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act each other; and at last recommends masick as the

most effectual.

He then concludes the whole with an encomium on the power of poetry and of music united, which is enrich'd with allusions to ancient fables and historical facts; materials that we have often recommended as proper ornaments for these sort of poems.

But he the muse's laurel justly shares,
A poet he, and touch'd with heaven's own sire;
Who, with bold rage or solemn pomp of sounds,
Inflames, exalts, and ravishes the foul;
Now tender, plaintive, sweet almost to pain,
In love dissolves you; now in sprightly strains
Breathes a gay rapture thro' your thrilling breast;
Or melts the heart with airs divinely fad;
Or wakes to horror the tremendous strings.
Such was the bard, whose heavenly strains of old
Appeas'd the siend of melancholy 5W.
Such was, if old and heathen fame fay true,
The man who bade the llchan domes ascend,
And tam'd the favage nations with his song;
And such the Thracian, whose harmonious lyre,
Tun'd to soft woe, made all the mountains weep;
Sooth'd even th' inexorable powers of hell,
And half-redeem'd his lost Eurydice.
Music exalts each joy, allays each grief,
Expels diseases, softens every pain,
Subdues the rage of poison, and the plague;
And hence the wise of ancient days ador'd
One power of physic, melody, ^nd song.

We have dwelt long enough, perhaps too long, on this subject; but as these poems are of such use, that what is taught in this agreeable manner will remain for ever six'd on the memory, it scem'd the more necessary to be very particular and explicit in the rules, and to give variety of examples. We have only to add to what has been already faid, that the great art in the conduct of these poems is so to adorn and enliven the precepts that they may agreeably strike the imagination; and to deliver them in such an indirect manner, that, the form of instruction being concealed, the reader may grow wiser without perceiving he is taught, and that while the most usesul lesions are inculcated, the whole may appear only as an amusement. For this reason it is necessary often to digress from the subject, and to introduce episodes of such a nature that at the end they may lead you naturally to your subject again, and then seem of a piece with it. Many instances of these kinds of digressions may^be seen in the authors we have mention'd, but especially in Virgil, who, aster he has been wandering, and to all appearance forgot his husbandmen and their concerns, is by some happy rural incident, arising naturally out of his subject, brought back to his business again, and connects and makes every thing he has met with conducive to his main design.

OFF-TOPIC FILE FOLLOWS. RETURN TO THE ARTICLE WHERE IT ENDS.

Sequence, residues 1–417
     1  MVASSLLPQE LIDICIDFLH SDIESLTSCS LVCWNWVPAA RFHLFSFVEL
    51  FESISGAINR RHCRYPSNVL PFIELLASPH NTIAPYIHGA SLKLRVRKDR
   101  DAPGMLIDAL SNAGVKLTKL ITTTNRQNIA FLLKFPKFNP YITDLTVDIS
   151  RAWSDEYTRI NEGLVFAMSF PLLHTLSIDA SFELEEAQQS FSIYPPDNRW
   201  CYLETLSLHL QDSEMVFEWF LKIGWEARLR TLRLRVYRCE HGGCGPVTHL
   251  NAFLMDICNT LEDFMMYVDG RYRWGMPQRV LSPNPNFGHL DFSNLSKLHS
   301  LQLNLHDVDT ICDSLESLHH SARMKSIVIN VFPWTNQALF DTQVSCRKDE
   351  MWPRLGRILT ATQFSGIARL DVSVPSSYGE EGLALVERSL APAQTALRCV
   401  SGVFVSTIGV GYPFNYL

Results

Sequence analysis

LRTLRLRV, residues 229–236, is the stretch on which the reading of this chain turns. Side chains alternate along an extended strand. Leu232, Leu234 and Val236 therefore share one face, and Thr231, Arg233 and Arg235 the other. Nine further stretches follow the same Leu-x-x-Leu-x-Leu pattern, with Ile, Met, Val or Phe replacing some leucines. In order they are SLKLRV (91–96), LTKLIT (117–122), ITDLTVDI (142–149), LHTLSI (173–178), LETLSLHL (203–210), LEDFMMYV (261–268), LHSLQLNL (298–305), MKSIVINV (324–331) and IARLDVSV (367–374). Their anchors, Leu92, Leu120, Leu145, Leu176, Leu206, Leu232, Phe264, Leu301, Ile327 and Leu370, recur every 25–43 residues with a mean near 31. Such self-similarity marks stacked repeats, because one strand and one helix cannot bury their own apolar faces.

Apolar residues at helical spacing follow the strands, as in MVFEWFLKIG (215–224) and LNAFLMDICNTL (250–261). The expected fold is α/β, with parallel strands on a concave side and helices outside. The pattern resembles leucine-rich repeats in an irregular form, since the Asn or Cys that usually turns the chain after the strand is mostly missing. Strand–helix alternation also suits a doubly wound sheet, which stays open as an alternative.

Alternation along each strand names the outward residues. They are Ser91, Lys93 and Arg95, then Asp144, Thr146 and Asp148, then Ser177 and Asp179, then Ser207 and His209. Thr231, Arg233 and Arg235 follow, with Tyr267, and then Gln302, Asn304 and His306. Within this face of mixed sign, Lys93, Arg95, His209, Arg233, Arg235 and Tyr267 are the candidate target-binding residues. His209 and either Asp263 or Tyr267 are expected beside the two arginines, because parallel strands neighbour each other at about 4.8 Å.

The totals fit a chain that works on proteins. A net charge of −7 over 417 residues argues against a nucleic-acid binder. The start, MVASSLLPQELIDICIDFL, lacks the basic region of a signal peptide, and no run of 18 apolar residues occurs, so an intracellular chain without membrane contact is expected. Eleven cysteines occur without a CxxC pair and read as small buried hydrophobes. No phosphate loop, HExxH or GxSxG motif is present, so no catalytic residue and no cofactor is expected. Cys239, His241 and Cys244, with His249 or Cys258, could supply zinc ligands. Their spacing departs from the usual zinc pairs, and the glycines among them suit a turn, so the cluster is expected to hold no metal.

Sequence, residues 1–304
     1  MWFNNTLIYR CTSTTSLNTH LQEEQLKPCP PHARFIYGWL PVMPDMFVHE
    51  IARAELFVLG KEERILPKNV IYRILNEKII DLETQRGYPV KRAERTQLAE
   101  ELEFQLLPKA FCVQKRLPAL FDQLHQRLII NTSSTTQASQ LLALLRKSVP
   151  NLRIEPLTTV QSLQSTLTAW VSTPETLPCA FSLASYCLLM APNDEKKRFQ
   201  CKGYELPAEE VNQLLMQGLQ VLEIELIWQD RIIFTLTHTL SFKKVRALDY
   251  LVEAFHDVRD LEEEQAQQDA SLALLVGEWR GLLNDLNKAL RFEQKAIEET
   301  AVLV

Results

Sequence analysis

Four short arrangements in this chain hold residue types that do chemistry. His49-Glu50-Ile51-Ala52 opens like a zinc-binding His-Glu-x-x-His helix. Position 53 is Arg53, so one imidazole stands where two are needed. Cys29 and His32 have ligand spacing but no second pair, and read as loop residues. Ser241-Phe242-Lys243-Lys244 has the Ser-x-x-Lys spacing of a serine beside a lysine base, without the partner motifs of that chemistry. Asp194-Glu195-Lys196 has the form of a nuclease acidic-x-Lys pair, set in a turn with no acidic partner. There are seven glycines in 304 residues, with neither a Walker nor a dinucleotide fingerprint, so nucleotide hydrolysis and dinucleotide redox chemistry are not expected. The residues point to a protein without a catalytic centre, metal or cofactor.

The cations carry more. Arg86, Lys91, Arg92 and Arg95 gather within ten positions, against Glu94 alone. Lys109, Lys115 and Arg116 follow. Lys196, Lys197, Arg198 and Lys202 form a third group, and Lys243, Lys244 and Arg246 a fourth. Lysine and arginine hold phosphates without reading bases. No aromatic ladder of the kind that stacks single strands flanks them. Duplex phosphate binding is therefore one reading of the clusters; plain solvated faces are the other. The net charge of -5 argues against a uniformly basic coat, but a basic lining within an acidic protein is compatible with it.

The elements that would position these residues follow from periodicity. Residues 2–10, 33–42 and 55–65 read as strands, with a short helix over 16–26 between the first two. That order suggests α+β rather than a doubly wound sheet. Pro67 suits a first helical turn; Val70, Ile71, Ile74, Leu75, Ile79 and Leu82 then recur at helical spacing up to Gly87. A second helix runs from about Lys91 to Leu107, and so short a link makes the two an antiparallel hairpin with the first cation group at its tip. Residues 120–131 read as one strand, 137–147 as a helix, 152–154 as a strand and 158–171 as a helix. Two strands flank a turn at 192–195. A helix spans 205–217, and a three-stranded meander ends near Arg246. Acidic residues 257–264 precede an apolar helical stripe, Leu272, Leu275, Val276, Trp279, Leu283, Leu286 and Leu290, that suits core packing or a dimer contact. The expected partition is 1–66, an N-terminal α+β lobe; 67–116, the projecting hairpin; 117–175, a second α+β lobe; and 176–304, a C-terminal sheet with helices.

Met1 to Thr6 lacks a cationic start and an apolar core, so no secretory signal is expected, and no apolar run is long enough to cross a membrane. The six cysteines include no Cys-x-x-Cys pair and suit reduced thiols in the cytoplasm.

In these digressions and episodes it is also of the utmost consequence to introduce the pathetic, and agitate the afsections; for it is ever to be observed, in works of this nature, that a digression properly introduced, and so as to awaken the passions, and strike the heart, is of more importance than a multitude of ornamental descriptions, and will be read again and again with pleasure; while, to other passages that are merely instructive, the mind can hardly attend a second time, tho' ever so well decorated. The understanding feels no pleasure in being inftruded often in the fame thing ; but the heart is ever open to an affecting tale, and receives a pleasure every time it is repeated.

With regard to the style or dress of these poems, it should be so rich as to hide the nakedness of the subject, and the barrenness of the precepts should be lost in the lustre of the language. ■ It ought (says Mr. Wart on *) to abound in the most bold and forcible metaphors, the most glowing and picturesque epithets; it ought to be elevated and enliven'd by pomp of numbers and majesty of words, and by every sigure that can lift a language above the vulgar and current expressions,' One may add, that in-no kind of poetry (not even in the sublime ode) is beauty of expression so much to be regarded as in this. For the epic writer should be very cautious of ia

* See his Dislertation on DiJtBic Pectiy,

dulging himself in too florid a manner of expression, especially in the dramatic parts of his fable, where he introduces dialogue: And the writer of tragedy cannot fall into so nauseous and unnatural an affectation, as to put laboured descriptions, pompous epithets, studied phrases, and high-flown metaphors, into the mouths of his chaiacters. But as the didactic poet speaks in his own person, it is necessary and proper for him to use a brighter colouring of stile, and to be more studious of ornament. And this is agreeable to an admirable precept of Aristotle, which no writer should ever sorget, —* that diction ought most to belabour'd in the unactive, that is the descriptive parts of a poem, in which the opinions, manners and passions of men are not represented; for too glaring an expression obscures the manners find the sentiments.'